We experienced a great loss at work last month: Leonardo died.
I’ve been asked to say a few words about him.
Despite his fierce reputation, he never got into any fights at work.
He brought the office together in much-loved games such as Fish Taco* and Where’s Leo**?
While he enjoyed the occasional treat and a bit of travel while his home was being cleaned, he really preferred the simpler things in life. You could pretty much always find him relaxing on the water.
I mean in the water.
Leo, you are missed. The picture we have in place of your mini-aquarium is a poor substitute for your former glistening presence. I will always fondly remember you crossing your fins as you lounged in your leaf, mere days before your untimely demise.
Just keep swimming, Leo. Just keep swimming.
* “Fish Taco” was a game in which, when one observed Leo reclining in his leaf (mounted sideways in his bowl and curved in such a way that if one really used one’s imagination one could see how it might be said to resemble a taco shell) one would then scream, “FISH TACO!” and then punch (pseudo-good-naturedly, as in a game of Punch Buggy) whomsoever happened to be within arm’s reach.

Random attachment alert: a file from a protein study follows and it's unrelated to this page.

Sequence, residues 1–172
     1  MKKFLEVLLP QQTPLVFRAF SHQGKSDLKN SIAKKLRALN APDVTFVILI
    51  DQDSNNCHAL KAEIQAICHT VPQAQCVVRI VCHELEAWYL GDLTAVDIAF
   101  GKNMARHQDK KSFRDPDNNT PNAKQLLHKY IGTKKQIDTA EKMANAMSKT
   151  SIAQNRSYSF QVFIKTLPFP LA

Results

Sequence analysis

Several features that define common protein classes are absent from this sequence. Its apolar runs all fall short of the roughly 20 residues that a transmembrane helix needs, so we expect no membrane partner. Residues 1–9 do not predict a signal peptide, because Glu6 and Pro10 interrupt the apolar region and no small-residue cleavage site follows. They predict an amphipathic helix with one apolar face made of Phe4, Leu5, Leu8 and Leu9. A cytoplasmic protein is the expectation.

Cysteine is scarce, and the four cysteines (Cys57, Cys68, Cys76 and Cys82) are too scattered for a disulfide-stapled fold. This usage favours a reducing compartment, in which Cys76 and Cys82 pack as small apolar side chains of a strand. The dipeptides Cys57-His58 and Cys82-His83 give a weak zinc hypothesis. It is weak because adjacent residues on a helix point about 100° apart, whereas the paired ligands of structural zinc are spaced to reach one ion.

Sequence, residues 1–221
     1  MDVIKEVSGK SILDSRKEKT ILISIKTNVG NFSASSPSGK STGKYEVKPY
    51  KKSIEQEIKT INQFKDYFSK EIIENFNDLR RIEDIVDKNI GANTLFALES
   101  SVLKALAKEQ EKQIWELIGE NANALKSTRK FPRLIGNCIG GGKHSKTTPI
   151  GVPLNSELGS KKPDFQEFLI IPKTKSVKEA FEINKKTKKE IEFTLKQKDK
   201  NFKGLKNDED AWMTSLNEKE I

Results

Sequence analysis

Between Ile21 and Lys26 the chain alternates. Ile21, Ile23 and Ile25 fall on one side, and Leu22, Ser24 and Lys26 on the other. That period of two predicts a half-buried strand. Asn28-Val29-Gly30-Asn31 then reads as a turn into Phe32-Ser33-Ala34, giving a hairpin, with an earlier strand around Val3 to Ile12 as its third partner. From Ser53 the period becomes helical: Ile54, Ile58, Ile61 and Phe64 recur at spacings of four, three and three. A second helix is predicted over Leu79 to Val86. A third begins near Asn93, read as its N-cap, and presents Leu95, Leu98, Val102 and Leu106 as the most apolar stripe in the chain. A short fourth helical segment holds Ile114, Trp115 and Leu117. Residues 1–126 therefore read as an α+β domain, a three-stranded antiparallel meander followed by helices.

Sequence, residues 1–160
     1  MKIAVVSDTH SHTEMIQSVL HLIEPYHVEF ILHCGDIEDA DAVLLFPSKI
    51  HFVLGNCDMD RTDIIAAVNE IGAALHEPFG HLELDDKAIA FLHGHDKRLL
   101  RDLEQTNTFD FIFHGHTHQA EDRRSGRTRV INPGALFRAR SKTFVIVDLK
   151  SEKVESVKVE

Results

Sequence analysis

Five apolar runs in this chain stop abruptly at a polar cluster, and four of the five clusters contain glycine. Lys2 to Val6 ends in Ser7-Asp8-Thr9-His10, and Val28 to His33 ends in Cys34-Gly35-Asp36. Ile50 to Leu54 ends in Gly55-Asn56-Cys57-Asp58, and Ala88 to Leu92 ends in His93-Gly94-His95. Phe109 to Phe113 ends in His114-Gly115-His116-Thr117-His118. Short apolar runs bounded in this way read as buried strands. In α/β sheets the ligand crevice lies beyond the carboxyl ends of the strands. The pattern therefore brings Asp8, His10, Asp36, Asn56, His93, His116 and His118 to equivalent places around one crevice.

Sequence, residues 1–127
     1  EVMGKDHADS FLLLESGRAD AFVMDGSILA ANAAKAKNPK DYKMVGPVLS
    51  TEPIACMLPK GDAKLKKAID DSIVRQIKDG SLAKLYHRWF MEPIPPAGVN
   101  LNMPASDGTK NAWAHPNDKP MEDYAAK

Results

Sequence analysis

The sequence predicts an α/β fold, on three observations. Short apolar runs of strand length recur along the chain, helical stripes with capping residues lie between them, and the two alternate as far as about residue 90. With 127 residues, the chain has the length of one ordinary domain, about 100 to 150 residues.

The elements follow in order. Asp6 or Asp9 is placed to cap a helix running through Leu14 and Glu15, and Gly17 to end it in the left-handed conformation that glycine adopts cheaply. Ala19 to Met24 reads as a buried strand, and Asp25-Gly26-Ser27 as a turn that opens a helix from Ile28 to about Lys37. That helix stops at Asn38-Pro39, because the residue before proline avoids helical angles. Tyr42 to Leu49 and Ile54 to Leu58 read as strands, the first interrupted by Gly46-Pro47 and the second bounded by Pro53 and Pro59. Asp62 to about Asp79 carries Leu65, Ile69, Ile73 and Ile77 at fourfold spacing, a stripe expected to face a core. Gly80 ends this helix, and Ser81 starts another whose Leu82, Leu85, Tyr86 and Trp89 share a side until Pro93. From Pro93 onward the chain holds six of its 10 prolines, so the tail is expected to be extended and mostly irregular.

** “Where’s Leo?” is rather self-explanatory game, although one might wonder where exactly a beta fish could hide in an approximately one-quart-sized aquarium. The answer, of course, is anywhere he can.
Here are your links:
I thought this one was particularly cool: What a week’s worth of groceries looks like in 15 different countries, and what it costs. We spend $340, much like the family from the US, though what we buy looks very different. The lack of fast food makes our dollars go further, but it does cram our fridge full and lead to many refrains of “There’s nothing to eat!” (Technically we have more children than that family, but theirs are teenage boys, so I don’t think you can truly draw that comparison…I think it’s a safe bet that the parents don’t get any of the pizza the kids are holding.)
This is a beautiful photo series: fstoppers- Portraits of the elderly as they once were.
Which is a nice tie-in to Long-Life Advice From 7 Centenarians. Real Simple.